C --- The alternative is to vote negative to reject aff’s cosmic capitalism --- this is a crucial political intervention to subject free-market capitalism in space to critical evaluation and build more socially equitable economic models
Nature 7 (p970 “Space for capitalism”. Academic OneFile. Web. 14 July 2011. Document URL)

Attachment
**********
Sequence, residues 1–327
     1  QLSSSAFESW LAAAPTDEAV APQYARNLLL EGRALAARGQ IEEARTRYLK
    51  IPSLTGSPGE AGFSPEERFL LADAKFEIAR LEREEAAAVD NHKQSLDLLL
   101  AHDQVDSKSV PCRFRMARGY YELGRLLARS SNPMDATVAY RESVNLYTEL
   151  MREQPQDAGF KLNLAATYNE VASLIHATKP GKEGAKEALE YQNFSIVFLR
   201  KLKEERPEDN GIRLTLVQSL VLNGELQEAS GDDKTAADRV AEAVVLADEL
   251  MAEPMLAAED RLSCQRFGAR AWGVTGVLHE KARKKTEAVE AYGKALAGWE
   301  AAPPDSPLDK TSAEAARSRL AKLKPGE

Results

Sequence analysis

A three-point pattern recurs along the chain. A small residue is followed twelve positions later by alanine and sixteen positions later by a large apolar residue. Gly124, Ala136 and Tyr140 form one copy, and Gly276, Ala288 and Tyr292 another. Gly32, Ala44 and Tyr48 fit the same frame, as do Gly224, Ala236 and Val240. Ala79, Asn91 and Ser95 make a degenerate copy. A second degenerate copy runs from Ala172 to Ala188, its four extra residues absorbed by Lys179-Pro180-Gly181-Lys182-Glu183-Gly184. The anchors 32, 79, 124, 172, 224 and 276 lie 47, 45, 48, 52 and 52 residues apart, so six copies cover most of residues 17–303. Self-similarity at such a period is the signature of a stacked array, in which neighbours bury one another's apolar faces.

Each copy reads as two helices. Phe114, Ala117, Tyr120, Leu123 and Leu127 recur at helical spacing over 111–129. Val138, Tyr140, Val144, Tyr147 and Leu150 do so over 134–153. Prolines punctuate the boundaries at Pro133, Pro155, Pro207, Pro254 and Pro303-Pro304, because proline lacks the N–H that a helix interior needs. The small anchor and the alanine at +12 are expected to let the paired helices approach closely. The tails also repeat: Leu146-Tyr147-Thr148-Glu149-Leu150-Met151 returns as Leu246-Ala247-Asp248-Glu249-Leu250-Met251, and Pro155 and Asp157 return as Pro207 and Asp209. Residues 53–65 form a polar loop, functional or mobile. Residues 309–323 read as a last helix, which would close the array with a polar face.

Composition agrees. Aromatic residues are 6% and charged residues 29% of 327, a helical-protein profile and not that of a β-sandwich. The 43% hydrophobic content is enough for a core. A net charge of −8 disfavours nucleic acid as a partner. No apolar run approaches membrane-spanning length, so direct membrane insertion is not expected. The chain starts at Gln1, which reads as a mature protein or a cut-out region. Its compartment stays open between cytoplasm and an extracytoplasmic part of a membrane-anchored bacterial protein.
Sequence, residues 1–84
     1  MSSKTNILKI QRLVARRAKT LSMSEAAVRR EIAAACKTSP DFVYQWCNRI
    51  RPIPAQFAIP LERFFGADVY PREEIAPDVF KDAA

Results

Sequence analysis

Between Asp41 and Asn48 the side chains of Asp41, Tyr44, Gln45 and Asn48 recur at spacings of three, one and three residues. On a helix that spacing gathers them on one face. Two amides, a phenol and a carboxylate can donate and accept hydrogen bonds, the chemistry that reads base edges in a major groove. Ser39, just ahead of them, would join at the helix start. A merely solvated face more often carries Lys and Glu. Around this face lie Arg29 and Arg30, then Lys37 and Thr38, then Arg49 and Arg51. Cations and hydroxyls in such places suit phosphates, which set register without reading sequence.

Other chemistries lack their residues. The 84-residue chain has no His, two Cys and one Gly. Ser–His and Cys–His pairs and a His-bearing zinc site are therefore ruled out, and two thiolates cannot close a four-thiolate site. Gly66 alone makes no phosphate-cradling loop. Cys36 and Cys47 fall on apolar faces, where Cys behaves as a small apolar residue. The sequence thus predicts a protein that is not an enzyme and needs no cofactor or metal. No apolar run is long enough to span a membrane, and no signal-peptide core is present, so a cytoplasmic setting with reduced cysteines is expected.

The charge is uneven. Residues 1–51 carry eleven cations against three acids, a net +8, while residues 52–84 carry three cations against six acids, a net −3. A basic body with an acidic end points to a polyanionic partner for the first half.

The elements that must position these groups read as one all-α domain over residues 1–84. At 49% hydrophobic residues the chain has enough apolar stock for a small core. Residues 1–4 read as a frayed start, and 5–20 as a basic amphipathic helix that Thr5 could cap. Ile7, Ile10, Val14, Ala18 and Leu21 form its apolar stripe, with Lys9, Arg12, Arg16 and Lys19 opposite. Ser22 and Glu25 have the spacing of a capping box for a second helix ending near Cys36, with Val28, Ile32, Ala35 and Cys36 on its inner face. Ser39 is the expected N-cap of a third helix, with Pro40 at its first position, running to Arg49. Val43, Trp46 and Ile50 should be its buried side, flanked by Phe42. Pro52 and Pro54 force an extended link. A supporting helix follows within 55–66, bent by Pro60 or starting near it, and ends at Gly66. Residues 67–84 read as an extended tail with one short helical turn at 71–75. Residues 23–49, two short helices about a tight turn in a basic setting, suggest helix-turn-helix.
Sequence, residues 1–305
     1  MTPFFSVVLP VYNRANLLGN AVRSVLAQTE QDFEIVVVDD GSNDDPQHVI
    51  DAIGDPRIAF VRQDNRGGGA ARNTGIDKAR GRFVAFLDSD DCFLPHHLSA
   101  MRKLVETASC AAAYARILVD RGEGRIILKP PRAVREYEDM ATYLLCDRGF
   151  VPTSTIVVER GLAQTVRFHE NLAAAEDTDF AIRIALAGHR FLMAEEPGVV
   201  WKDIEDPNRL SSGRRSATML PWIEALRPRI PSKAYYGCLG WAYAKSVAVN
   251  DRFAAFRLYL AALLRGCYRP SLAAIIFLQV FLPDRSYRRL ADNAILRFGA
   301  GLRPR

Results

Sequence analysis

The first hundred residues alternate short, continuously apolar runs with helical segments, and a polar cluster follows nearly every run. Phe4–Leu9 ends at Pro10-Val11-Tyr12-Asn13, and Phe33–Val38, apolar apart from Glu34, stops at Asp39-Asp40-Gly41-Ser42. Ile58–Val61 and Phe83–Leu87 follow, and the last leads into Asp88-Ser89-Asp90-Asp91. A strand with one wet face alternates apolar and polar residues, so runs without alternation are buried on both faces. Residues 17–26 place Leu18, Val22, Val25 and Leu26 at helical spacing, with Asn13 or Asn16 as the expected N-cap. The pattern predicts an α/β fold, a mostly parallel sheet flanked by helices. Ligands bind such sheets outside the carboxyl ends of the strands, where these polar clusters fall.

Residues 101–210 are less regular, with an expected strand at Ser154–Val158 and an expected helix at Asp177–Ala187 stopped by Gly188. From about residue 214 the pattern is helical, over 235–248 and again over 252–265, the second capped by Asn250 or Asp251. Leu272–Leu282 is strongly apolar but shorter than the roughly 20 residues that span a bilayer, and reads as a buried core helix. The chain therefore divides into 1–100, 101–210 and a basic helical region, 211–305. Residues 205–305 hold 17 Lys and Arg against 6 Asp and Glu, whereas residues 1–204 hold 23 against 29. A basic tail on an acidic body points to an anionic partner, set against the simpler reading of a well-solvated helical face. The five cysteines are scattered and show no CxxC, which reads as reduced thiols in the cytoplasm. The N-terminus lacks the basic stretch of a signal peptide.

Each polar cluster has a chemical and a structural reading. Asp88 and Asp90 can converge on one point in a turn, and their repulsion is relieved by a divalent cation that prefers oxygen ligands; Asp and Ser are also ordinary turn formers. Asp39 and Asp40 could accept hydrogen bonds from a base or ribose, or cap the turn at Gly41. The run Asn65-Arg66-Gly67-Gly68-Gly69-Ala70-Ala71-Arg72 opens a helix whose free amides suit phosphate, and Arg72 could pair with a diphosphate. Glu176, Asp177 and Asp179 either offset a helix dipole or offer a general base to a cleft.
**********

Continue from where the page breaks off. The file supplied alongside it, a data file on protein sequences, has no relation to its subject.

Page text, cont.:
Although British prime minister Edward Heath turned a fresh phrase in castigating "the unacceptable face of capitalism" in the 1970s, he was hardly unearthing something new. Aspects of capitalism have always suffered from unpalatable appearances, sometimes coinciding with genuine flaws. But capitalists' knack for opening up markets and creating wealth has benefited society sufficiently to make some of its practitioners' faces more than acceptable. Few fit more squarely in that camp than those who have made their fortunes through computers and the Internet. "The largest single legal creation of wealth we've witnessed on the planet", as venture-capitalist John Doerr has termed it, was brought about by imaginatively finding ways to provide things that made lives and businesses more efficient, more effective, more fun, or some combination of all three. Now a few of these people are devoting some of their acquired fortunes to the as-yet-untested business of inexpensive space flight (see page 988). Jeff Bezos, the founder of Amazon.com, has gathered together the expertise he thinks is needed to build rockets that will fly passengers first to the edge of space, later to orbit. Elon Musk, one of the begetters of PayPal, is building a range of rockets, some tailored to traditional satellite markets, some to taking people to the International Space Station. SpaceShipOne, which three years ago won the Ansari X prize for flying to an altitude of 100 kilometres and back twice within a fortnight, did so with the financial backing of Paul Allen, one of the founders of Microsoft. SpaceShipTwo is being developed in partnership with the Virgin Group, chaired by Richard Branson, a popular capitalist from a different background. At the very least, this activity is likely to provide some thrills for wealthy customers -- and cheaper launch options for certain types of satellite. Today's established rocket companies are vast concerns deeply embedded in the military-industrial complexes of various nations; it is a fair assessment that entrepreneurial competition will shake them up a bit. At best, one or more of these companies might actually find ways to make the launch of private citizens into orbit cheap and routine. This wouldn't just allow a lot of people to fulfil their childhood fantasies; it would also make it cheaper for governments to put people into orbit -- a capability that a number of them currently maintain at very high cost for little clear benefit. And it would render the eventual exploration of other bodies in the Solar System more affordable than it is today. This somewhat distant prospect, however, should not obscure various grounded truths. One is that getting cheap, reusable vehicles into orbit and back again is not going to be easy, and may well prove beyond the reach of current technologies. There are also security concerns. Given that the technologies needed to circle round Earth are basically the same as those needed to lay waste to the ground below, their development cannot always be viewed as an unmitigated good. Some faces would be entirely unacceptable as owners of what amounts to a privatized, intercontinental ballistic missile. The issue of who decides what constitutes 'acceptable' in that context remains unresolved. Finally, it can be anticipated that some would-be space entrepreneurs will, given half a chance, seek subsidy from the public purse. Such calls should be treated with scepticism. Certain public-private partnerships may make sense, and the programmes so far offered by NASA to encourage the development of private-sector resupply craft for the space station seem to do so. But in general, those who believe in private spaceflight should pursue their dream at their own expense. Of course, we might simply extend our existing rules of property to govern space as well, assuming all nations involved endorse a free-market system. But in uncharted territory, such as with cyberspace, our options seem to be limited to first-come-first-served and to the highest bidder, which we have seen lead to the inefficient and disorderly Internet gold rush. And because how we formulate property rights sets the tone for whatever economic model is adopted – e.g., a high-bid process would naturally foster capitalism – this has great implications on how markets and transactions would proceed in space.If entering space marks our opportunity to start over again, then it seems that unfettered capitalism should no longer be a sacred cow and should be subject to critical evaluation along with other competing economic models. For instance, a purely free-market economy, while efficient at allocating scarce resources and inspiring innovation, is not so much concerned with need or merit, so a hybrid model may be desired. At the risk of cynicism, if we were to truly apply Earth rules to space, then the ultimate, albeit morally problematic, litmus test for claiming property may be about one’s ability to physically defend the property. Without a police force in space, it may first start with individuals or corporations defending their parcel against competitors in turf battles, despiteany prevailing laws on Earth. But while “right through might” may perfectly describe frontier justice, one would hope that we have evolved beyond that. Even among enlightened people, there will inevitably be property-rights disputes in space, just as there is on terra firma between reasonable parties, so we will need a regulatory or administrative body that has jurisdiction over those lands, in addition to an enforcement agency. It won’t be enough that we govern from Earth – we will need a local organization to maintain law and order in real-time as well as to more efficiently administer public policy, urban planning and other matters. Again, these concerns point to our new era in space exploration as a true opportunity to start over from scratch, bringing with it new responsibility to architect a blueprint for society in space.